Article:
Every day more restrictions are placed on walkers throughout the country through the erection of fences around old commonage, tracks and roads and a plethora of unfriendly and unwelcoming "Keep Out" signs. This is wrong, damaging and dangerous. UK and continental organisers of walking holidays are withdrawing from Ireland because of these access difficulties, which are not experienced elsewhere in Europe. The figures reflect the word of mouth message spreading across Europe that Ireland is not a good place for a walking holiday, unlike Scotland or Wales.
Are we shooting ourselves in the foot? What needs to be done? The Green Party has acknowledged that a solution to the current impasse involves the full input of the farming community, which should also include a financial recognition of the role playing by farmers. I pay tribute to the Minister for Community, Rural and Gaeltacht Affairs for his role in setting up Comhairle na Tuaithe, which has attempted to create dialogue between walkers, mountaineering groups and farmer representative bodies. Such dialogue has not been easy on both sides and while it is a welcome and positive development, it has not yet been a resounding success. The reason for this lies in the refusal of the Minister for the Environment, Heritage and Local Government to introduce a system similar to that which pertained under REPS 1. This would recognise the role played by farmers and provide financial remuneration.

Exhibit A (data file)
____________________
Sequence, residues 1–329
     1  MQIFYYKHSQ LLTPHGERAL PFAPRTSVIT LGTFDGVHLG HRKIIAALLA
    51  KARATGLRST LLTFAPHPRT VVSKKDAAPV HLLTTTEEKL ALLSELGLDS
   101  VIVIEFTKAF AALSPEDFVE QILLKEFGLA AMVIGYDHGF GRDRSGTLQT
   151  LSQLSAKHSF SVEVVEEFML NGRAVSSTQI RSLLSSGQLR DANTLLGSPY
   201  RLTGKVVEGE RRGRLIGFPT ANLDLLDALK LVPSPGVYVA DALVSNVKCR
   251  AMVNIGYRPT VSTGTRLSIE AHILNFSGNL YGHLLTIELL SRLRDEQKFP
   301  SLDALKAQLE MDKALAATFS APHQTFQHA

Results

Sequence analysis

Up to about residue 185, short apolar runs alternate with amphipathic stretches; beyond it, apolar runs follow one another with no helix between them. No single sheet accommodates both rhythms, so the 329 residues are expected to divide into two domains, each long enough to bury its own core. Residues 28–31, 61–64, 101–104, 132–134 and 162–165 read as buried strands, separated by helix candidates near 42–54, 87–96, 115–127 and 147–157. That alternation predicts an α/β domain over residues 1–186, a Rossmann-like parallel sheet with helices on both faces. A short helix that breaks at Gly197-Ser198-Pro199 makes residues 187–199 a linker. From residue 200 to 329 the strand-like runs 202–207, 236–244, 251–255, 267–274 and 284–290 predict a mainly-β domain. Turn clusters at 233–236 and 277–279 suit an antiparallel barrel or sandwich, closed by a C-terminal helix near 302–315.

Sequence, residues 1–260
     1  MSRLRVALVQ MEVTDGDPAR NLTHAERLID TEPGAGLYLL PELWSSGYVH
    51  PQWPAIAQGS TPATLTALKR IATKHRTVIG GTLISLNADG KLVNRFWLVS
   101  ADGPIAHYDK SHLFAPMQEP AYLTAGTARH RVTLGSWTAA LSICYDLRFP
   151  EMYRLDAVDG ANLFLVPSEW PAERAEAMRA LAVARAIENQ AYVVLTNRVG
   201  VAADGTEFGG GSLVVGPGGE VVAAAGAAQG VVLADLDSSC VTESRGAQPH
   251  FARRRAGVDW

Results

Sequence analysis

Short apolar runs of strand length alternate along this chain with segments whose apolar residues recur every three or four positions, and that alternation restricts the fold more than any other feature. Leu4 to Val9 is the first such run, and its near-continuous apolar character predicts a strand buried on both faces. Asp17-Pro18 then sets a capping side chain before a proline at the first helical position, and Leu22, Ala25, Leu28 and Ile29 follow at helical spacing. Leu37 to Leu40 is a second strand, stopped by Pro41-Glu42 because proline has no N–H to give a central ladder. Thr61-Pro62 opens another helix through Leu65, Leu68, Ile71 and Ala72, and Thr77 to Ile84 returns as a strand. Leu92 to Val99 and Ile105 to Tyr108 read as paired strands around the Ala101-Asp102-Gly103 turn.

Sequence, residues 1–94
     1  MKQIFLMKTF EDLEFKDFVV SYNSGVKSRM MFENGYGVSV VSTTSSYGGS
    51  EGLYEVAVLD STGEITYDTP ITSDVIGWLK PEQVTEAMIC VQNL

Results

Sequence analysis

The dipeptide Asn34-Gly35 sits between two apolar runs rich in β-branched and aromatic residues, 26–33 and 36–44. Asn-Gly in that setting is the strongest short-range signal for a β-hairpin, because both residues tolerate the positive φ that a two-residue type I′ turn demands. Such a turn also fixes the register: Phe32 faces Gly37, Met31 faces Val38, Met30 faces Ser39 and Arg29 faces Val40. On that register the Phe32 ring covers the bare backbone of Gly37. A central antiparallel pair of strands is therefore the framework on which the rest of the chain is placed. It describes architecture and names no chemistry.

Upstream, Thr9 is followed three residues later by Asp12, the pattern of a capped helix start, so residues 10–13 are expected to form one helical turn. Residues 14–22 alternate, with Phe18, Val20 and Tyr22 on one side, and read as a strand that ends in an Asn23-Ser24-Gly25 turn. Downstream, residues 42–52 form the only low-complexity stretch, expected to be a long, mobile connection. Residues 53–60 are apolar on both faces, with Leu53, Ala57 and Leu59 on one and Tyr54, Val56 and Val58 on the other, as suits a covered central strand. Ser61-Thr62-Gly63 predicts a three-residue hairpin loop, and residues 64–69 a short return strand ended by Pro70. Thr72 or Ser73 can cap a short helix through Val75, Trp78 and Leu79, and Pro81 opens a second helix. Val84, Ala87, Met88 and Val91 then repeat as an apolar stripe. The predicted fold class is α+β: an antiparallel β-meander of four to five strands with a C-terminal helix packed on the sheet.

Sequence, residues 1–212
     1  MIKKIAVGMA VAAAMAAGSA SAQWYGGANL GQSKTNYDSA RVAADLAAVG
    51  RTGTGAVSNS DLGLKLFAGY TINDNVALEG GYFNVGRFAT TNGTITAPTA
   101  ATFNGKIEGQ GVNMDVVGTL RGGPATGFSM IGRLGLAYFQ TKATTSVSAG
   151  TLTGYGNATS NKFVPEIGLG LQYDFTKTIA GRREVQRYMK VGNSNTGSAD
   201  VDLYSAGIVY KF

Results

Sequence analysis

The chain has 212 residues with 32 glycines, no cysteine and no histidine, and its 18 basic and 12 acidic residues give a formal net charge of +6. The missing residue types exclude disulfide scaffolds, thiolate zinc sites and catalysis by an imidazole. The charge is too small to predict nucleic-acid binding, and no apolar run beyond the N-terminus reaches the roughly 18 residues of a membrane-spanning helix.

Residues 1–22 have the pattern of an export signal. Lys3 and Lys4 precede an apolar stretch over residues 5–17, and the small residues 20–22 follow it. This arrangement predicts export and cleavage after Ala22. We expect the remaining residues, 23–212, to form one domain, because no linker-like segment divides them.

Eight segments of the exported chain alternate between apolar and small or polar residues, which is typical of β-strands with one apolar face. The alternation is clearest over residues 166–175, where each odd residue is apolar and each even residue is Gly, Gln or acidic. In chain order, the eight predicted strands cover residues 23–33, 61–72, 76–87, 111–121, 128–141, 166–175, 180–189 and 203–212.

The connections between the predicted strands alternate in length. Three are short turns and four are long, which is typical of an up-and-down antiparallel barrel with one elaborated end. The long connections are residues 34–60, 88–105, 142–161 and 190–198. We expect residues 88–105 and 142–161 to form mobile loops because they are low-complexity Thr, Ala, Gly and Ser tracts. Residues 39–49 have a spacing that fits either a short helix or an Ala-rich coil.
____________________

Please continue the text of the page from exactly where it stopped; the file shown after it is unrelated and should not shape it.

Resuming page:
Farming groups insist that walkers should seek permission to cross private land and they will continue with such insistence, some nicely and some rudely. However, if a deal could be struck, it would be a win win situation. Farmers maintain the countryside in a state that walkers enjoy and it would not be in a fit state to walk across if farmers did not do so. However, they do not generate revenue similar to people in other sectors of the tourism industry for doing so.
As my colleagues, Councillor Mary White and Deputy Sargent, have pointed out, farming may be changing but farmers are being presented with new opportunities. A healthy walking tourism sector could provide additional income opportunities for farmers such as the development and maintenance of walking routes, working as tour guides, providing transport or even offering walkers lunch. However, financial recognition of the valuable role of farmers in this area is needed. This would allow them to contribute to the rural economy so that everybody would benefit from tourism as equal stakeholders.
The Green Party, contrary to a number of scurrilous remarks by Government Deputies, is a true friend of farmers and rural communities. I have pushed in previous contributions for the recognition financially of their substantial contribution to tourism. However, we are precluded from introducing provisions with budgetary implications in this legislation. In the interest of common sense and, hopefully, with a shared concern for the future of both our tourism and agriculture sectors, I ask the Government and Opposition Members to support the legislation, which is a small but important first step. I also urge the Minister for Community, Rural and Gaeltacht Affairs and the Cabinet to examine our recommendations regarding the essential financial package needed to bring farmers on board. Then everyone can be brought together for a proper nuts and bolts debate.